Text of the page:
Mon06262017

Last updateTue, 20 Jun 2017 11pm

Entertainment

Kong: Skull Island is No King

Kong Skull IslandHard-nosed U.S. Army Colonel Preston Packet (Samuel L. Jackson) describes fighting the legendary ape Kong as “dealing with a monster from a bygone era.” King Kong certainly has a colorful, illustrious past onscreen, but Kong: Skull Island adds nothing new or exciting to its history. Dull, clichéd, and overly cheesy, the film strives to establish a new era for Kong, but unfortunately fails.

The film, directed by Jordan Vogt-Roberts (The Kings of Summer) and written by Dan Gilroy (Nightcrawler), Max Borenstein (2014’s Godzilla), and Derek Connolly (Jurassic World), follows a band of mismatched ‘heroes’ and their journey to the uncharted Skull Island to find what secrets it holds. After receiving funding for the expedition during the final days of the Vietnam War, government official Bill Randa (John Goodman) and scientist Houston Brooks (Corey Hawkins) create a team to tag along. This group includes military escorts led by Packet and his goofy squadron of young men, photojournalist Mason Weaver (Brie Larson), and mapping expert and former British Special Air Service captain James Conrad (Tom Hiddleston).

It’s obvious that Kong: Skull Island is Vogt-Roberts’ first big blockbuster. The directing is nothing special, and he almost seems hesitant to try something new. While the fight scenes between Kong and his helpless enemies are mostly well done, they are intercut with cheesy slow motion that comes in and out of nowhere. Vogt-Roberts also fails to properly pace the film; At times, it drags on unnecessarily. Vogt-Roberts shows some potential, but is further hurt thanks to the poor writing and his own possible reluctance to go against studio executives to try something new.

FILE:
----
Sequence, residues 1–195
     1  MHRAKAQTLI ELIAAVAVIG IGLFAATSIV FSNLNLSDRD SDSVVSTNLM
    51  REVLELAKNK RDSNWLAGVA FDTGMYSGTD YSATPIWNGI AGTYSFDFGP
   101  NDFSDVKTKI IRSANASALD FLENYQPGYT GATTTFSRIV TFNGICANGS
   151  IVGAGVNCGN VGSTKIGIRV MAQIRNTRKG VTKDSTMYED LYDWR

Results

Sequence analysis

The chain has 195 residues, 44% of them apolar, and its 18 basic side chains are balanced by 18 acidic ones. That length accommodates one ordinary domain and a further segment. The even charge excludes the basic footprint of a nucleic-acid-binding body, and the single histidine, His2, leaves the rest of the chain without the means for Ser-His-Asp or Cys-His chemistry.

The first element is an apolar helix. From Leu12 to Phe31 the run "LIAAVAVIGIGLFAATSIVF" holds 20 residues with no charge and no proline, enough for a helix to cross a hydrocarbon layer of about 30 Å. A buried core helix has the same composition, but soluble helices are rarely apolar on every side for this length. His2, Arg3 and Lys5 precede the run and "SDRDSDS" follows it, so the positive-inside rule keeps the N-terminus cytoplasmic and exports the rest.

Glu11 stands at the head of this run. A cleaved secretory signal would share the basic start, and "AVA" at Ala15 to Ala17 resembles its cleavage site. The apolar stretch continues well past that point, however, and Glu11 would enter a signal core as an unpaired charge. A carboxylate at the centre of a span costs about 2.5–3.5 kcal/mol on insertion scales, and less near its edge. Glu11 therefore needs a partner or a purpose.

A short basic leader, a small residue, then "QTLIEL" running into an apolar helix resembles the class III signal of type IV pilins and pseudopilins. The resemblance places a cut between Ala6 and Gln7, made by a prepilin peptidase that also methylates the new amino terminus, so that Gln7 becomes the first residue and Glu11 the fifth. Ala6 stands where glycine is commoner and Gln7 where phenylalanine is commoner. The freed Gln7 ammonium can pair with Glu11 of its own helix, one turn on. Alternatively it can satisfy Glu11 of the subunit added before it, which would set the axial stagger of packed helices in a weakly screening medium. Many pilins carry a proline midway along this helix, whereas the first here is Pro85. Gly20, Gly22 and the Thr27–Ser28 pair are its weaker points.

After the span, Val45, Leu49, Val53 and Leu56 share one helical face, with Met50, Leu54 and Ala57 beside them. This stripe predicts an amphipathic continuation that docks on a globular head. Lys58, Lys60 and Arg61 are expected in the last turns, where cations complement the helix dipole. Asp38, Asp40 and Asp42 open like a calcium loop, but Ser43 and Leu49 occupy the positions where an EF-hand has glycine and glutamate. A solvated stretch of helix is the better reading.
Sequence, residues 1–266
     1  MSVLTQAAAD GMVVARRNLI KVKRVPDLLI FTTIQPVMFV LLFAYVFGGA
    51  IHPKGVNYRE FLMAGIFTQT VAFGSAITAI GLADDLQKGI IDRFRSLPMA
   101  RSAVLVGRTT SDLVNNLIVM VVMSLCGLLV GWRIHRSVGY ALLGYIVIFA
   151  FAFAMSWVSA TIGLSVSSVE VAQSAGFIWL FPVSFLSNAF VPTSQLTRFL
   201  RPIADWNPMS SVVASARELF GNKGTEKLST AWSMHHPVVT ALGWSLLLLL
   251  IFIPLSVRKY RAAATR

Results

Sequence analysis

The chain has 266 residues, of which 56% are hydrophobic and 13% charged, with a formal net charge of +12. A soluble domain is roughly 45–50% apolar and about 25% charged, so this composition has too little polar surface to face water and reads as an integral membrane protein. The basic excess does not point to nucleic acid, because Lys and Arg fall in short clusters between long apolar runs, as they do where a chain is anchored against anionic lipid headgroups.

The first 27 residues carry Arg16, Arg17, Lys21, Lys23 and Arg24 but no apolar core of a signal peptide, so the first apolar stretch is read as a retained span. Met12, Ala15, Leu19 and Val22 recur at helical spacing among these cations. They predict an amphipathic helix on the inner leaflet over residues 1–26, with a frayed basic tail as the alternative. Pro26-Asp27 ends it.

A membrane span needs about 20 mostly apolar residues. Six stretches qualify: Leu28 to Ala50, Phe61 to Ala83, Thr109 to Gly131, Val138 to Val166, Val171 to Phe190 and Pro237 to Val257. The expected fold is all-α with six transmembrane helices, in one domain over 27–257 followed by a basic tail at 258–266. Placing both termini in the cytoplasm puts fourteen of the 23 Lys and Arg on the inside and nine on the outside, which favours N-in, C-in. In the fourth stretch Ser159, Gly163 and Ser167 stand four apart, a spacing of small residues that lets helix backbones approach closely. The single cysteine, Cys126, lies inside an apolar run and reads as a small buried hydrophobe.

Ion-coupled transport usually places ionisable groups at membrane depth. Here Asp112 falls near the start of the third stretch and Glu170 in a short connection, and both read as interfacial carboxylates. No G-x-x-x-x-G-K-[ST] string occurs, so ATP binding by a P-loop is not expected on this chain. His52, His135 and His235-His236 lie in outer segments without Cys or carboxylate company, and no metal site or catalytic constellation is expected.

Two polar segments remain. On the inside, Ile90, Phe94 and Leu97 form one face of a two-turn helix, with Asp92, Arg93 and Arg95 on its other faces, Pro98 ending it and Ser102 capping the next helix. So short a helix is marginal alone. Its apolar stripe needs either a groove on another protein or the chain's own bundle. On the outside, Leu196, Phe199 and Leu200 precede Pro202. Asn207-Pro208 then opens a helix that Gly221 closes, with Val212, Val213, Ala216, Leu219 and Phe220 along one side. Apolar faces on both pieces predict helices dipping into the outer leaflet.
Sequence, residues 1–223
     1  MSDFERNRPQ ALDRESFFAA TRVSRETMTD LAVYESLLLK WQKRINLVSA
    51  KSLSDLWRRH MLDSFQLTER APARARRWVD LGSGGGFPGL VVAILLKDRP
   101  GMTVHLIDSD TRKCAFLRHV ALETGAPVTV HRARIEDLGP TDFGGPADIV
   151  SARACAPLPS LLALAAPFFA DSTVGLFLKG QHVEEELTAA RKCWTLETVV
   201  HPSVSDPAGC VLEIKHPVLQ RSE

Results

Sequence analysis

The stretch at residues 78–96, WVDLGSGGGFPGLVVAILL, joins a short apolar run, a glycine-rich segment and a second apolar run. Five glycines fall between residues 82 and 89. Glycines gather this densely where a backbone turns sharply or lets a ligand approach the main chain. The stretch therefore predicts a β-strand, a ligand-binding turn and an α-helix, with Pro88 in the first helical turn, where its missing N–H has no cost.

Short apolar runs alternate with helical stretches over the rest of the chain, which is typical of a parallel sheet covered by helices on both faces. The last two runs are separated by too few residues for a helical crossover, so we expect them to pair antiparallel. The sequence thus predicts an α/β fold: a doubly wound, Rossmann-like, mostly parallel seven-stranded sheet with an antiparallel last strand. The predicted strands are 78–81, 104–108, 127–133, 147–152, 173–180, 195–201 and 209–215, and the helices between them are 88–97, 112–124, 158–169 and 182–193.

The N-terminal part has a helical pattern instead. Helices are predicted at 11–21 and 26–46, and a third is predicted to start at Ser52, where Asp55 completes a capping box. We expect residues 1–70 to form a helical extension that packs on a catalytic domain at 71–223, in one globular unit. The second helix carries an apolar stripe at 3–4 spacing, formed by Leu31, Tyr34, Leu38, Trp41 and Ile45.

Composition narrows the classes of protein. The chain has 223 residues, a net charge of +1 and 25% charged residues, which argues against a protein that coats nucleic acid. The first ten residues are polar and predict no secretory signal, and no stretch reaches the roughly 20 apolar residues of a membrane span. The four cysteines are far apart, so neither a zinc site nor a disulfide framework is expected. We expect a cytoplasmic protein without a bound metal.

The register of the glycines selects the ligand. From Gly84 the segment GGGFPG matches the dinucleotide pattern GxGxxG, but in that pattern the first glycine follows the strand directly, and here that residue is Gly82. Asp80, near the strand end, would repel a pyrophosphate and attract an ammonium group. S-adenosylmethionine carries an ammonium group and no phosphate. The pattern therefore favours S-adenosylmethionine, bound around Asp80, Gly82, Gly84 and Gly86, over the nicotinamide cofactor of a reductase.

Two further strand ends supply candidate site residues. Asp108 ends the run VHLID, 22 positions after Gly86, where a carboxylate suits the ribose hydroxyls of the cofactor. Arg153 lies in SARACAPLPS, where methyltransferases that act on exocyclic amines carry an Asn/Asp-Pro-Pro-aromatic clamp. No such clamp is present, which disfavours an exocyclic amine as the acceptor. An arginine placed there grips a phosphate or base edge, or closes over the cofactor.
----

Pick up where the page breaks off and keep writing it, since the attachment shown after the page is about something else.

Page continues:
While it might not seem it, big blockbusters still need solid writing to create a successful film. And yet, Kong: Skull Island mostly struggles because of its clichéd, boring script. The story is ripped from the pages of previous King Kong screenplays: some good guys want to save Kong, some bad guys want to kill him. Even the interesting introduction of the setting of Skull Island is not enough to make this story stand out.

The tone changes wildly throughout. The audience is expected to laugh at poorly constructed ‘jokes,’ and sometimes is meant to be sad and sympathetic to Kong and our protagonists. There are no new ideas amongst Gilroy, Borenstein, and Connolly; it is obvious that they are hoping nostalgia and audience goodwill will get the job done for them.

Similarly, the film falls prey to preoccupation with sequels. While the film still manages to standalone quite well, the end starts slyly winking at what could be a potential franchise. Fewer obsessions with franchises and future films could have made this current project more fulfilling.

The worst writing offense from Gilroy, Borenstein, and Connolly is exemplified in the characters that populate Kong: Skull Island. Despite an abundance of excellent cast members, none of their characters stand out or become fully formed. The audience is expected to care about the heroes, but without interesting personalities or backstories, what is there to empathize with? Even worse, most characters are obviously just there as bait. Every action film needs disposable side characters that could be killed off at any moment without consequence, and although there’s nothing wrong with that, it was a redundant theme for Kong.